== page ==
Easy quick-release and very sturdy.  May be easily connected with one hand for quick release situations.  Great for car hawking and field-release situations.  Not recommended for long-term tethering solutions or footy birds.  Some hawks have been known to accidentally undo the clip from the jesses by stepping on the clip, thus releasing the pressure. Another side note here is that the French Clip often comes with it’s own swivel. It’s not quite as finely crafted as the Sampo Swivel, so what I did was I took off the attached swivel mechanism on the French Clip and replaced it with a Sampo.  Of course, in order to be able to do this, I needed to remove the solid ring from the barrel side of the Sampo and replace it with a split ring.  This setup works really well.

Trigger Clasp

I was unable to find many pros or cons about this little gem.  Honestly, I haven’t found any cons for using this piece of hardware yet. The trigger clasp is usually found next to dog leashes or the key-ring supplies, it allows for quick release with the ease of one hand.  I like to use these on the glove-end of the leash, for easy connection to gloves, belts, and the handle on the Giant Hood.

Snap Shackle

This is a specialist item that comes from a marine supply store.  You can find them on the most popular falconry vendor sites, but they are much cheaper in the marine supply store.  Highly durable, easy to undo and snap together with one hand.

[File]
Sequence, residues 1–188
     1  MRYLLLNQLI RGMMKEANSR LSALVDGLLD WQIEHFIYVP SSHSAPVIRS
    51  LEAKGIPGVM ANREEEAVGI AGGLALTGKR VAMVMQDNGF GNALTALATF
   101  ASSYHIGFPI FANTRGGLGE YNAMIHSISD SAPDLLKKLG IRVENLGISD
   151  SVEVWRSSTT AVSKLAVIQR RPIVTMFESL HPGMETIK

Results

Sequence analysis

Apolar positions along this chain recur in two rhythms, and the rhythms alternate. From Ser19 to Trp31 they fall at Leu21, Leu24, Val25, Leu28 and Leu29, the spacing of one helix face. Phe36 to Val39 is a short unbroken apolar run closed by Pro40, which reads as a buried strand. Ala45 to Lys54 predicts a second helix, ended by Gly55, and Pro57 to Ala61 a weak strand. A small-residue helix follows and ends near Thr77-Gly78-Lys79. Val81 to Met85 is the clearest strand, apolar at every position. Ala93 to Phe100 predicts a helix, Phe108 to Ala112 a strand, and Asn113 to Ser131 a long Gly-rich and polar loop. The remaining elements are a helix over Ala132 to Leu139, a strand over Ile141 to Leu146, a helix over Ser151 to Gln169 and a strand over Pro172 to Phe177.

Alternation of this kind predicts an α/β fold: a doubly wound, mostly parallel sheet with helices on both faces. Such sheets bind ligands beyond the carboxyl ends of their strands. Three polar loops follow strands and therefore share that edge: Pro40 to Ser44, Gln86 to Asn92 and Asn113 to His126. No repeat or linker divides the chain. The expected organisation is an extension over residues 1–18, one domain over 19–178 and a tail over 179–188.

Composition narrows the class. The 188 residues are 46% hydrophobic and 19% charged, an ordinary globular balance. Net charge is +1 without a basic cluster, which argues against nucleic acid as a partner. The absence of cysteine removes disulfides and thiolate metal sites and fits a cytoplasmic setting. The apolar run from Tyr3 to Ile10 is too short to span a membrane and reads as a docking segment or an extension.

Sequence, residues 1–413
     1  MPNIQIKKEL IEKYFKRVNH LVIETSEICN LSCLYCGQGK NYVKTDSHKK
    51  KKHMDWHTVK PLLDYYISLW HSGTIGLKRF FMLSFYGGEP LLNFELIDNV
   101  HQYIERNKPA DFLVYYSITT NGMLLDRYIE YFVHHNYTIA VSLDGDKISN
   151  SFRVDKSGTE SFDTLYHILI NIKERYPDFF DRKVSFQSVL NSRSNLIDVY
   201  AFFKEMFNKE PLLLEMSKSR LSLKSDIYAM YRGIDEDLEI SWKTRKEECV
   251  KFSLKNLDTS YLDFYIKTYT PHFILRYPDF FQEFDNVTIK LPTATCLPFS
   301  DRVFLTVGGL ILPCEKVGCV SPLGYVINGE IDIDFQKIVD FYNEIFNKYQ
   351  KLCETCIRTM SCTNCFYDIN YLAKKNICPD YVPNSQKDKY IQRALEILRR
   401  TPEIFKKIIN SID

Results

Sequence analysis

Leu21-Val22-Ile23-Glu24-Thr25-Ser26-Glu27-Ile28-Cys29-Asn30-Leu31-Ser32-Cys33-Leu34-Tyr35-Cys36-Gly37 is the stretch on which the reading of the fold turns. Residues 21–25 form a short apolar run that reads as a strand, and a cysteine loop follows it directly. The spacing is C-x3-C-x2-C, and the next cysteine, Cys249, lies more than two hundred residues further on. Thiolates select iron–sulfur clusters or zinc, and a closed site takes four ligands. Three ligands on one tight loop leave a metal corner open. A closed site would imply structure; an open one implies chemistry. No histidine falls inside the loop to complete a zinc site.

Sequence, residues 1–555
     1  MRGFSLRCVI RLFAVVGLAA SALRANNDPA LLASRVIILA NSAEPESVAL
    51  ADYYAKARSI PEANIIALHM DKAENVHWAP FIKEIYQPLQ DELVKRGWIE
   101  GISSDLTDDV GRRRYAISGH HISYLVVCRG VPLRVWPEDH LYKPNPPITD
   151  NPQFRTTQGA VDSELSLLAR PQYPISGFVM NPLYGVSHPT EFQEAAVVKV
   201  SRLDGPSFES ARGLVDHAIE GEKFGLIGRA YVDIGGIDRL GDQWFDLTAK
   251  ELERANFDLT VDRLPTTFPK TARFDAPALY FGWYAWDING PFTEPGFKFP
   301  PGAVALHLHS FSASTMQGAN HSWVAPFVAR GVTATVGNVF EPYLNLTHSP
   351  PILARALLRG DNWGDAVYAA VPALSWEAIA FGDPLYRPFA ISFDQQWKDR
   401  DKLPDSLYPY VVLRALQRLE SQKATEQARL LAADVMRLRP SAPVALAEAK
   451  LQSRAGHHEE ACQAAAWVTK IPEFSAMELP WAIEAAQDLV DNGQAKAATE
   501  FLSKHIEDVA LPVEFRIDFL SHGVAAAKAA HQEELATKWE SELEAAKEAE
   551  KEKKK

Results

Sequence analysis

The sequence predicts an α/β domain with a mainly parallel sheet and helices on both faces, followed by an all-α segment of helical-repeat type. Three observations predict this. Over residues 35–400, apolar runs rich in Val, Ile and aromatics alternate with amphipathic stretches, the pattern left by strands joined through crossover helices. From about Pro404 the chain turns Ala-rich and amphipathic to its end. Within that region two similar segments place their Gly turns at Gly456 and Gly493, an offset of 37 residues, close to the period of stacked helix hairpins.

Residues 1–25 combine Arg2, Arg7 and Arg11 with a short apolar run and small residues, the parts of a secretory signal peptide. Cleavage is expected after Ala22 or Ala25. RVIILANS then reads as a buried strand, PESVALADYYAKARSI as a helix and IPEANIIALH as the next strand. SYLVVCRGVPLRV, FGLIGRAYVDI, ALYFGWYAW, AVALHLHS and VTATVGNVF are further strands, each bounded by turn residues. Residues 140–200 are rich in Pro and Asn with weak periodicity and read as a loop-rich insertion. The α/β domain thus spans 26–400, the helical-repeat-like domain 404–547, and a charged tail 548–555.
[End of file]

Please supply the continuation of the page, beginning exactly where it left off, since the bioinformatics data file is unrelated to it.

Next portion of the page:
There are multiple sizes and shapes of carabiners, but the best, and most effective ones come with the screw-gate to dissallow any accidental openings.  There are several sizes, shapes, and colors for carabiners and they have multiple handy uses.  I would suggest keeping several handy in your falconry kit for hanging things off your vest, connecting leashes to gloves, securing lures for trade-off, and binding things together.  Always handy to have around.




In the picture above, I’ve numbered the hardware to demonstrate various sizes and shapes. The grid below the picture is has a scale of one inch.

  1. #8 Sampo Swivel
  2. Trigger Clasp
  3. Snap Shackle
  4. Small Screw Biner
  5. Chain Link Screw Biner
  6. Carabiner (metal link)
  7. #6 Sampo Swivel Clip
  8. #2 Swivel Clip
  9. French Clip
  10. Various Size Carabiners
  11. Screw-Gate Carabiner




There are a wide variety of different hardware that can be used to tether your hawk from your glove, to the leash, and then to the jesses.  With the wide range of uses, purposes, and strengths, I’m sure that all the configurations would work to some extent.  I think the bottom line on selecting the proper setup for you is to choose the one that you are most comfortable using for your falconry needs.


Once you have selected your hardware, you can view the tutorial “How-to” for making a leash for your raptor.